Decided June, 1880.
A dividend paying corporation cannot join another officer with its directors, nor compel them to act with one who is not a director, in the management of its business. As an absolute rule, it is not the duty of the directors of a corporation to keep its property insured. A declaration charging the directors of a corporation with negligence in not keeping its property sufficiently insured, whereby it suffered loss from the destruction of the property by fire, will be held bad on demurrer, unless sufficient facts are alleged to show that it was the duty of the directors to keep it insured.
CASE. Demurrer to the declaration in which the following facts were alleged: — The plaintiffs are a manufacturing corporation having for its object a dividend of profits, and commenced business in 1871. Dunsmore was elected director in 1871 and Willard in 1873, and entered upon the discharge of their duties, and have continued so to act by virtue of successive elections until the present time. December 10, 1874, the corporation voted to choose a committee to act with the directors to close up its affairs, and chose one Osgood for such committee. Osgood tendered his services, but the defendants refused to act with him, and contracted new debts to a larger extent than allowed by law. By their negligence, debts due to the corporation to the amount of $2,161.23 have been wholly lost. By their negligence in disposing of the goods of the corporation, a loss has accrued of $3,300.40. By their neglect to sell the buildings and machinery of the corporation when they might and ought, and were urged by Osgood to sell, the same depreciated in value to the extent of $20,000.
Also for that the plaintiffs owned and possessed a certain shop of the value of $10,000, and a large amount of machinery and fixtures of the value of $10,000; "and whereas it was the duty of said defendants, directors as aforesaid, to procure sufficient and proper insurance against fire to be made on said property, and keep the same so sufficiently insured, of all which the said defendants had notice, yet they did not and would not keep the said property so insured, and afterwards, to wit, on the 28th day of April, 1878, while the said property was so remaining without insurance, the same was wholly consumed by fire and wholly lost to the plaintiff, whereby the plaintiff suffered great loss and damage, to wit, $20,000."
E. L. Cushing and H. W. Parker, for the plaintiffs.
Batchelder Faulkner and Ira Colby, for the defendants.
The provision of the statute is, that the business of a dividend paying corporation shall be managed by the directors. The statute reads, "The business of every such corporation shall be managed by the directors thereof, subject to the by-laws and votes of the corporation, and under their direction by such officers and agents as shall be duly appointed by the directors or by the corporation." G. L., c. 148, s. 3; Gen. Stats., c. 134, s. 3. The only limitation upon the judgment or discretion of the directors is such as the corporation by its by-laws and votes shall impose. It may define its business, its nature and extent, prescribe rules and regulations for the government of its officers and members, and determine whether its business shall be wound up or continued; but when it has thus acted, the business as thus defined and limited is to be managed by its directors, and by such officers and agents under their direction as the directors or the corporation shall appoint. The statute does not authorize a corporation to join another officer with the directors, nor compel the directors to act with one who is not a director. They are bound to use ordinary care and diligence in the care and management of the business of the corporation, and are answerable for ordinary negligence. March v. Railroad, 43 N.H. 516, 529; Scott v. Depeyster, 1 Edw. Ch. 513, 543; Ang. Ames Corp., s. 314. There is no difference in this respect between the agents of corporations and those of natural persons, unless expressly made by the charter or by-laws. Ib., s. 315. It would be unreasonable to hold them responsible for the management of the affairs of the corporation if compelled to act with one who to a greater or less extent could control their acts. The statute not only entrusts the management of the business of the corporation to the directors, but places its other officers and agents under their direction. When a statute provides that powers granted to a corporation shall be exercised by any set of officers or any particular agents, such powers can be exercised only by such officers or agents, although they are required to be chosen by the whole corporation; and if the whole corporation attempts to exercise powers which by the charter are lodged elsewhere, its action upon the subject is void. Insurance Co. v. Keyser, 32 N.H. 313, 315. The vote choosing Osgood a committee to act with the directors in closing up the affairs of the plaintiff corporation was inoperative and void.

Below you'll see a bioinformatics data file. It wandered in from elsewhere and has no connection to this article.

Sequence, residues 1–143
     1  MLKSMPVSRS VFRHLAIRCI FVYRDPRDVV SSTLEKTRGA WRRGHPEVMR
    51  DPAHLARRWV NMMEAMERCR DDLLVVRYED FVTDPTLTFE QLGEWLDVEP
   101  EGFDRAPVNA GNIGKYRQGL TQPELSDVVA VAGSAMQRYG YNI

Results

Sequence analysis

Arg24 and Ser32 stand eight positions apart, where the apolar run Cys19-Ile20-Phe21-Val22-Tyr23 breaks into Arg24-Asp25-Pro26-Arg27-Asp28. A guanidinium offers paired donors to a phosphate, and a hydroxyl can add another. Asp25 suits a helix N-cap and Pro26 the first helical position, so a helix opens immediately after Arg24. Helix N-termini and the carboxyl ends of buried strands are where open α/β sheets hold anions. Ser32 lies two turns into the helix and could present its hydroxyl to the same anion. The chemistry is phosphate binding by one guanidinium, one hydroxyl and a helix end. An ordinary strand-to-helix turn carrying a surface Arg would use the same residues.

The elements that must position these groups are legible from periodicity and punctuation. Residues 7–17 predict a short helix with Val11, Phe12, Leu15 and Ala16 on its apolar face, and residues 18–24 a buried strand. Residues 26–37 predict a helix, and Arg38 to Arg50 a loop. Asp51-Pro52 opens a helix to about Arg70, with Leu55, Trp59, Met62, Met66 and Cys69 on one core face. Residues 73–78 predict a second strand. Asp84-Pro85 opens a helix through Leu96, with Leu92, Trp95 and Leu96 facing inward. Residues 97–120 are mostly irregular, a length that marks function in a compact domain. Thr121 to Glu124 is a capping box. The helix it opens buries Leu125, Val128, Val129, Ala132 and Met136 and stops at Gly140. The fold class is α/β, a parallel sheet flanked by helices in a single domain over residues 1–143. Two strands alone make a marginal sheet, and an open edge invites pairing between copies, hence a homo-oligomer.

The declaration also alleges that it was the duty of the defendants, as directors, to keep the property of the corporation insured. There is no statute that makes it the duty of the directors of a corporation to keep its property insured, and there are no facts alleged from which we can say, as matter of law, that it has the duty of the defendants to insure the property of the corporation.
STANLEY, J., did not sit: the others concurred.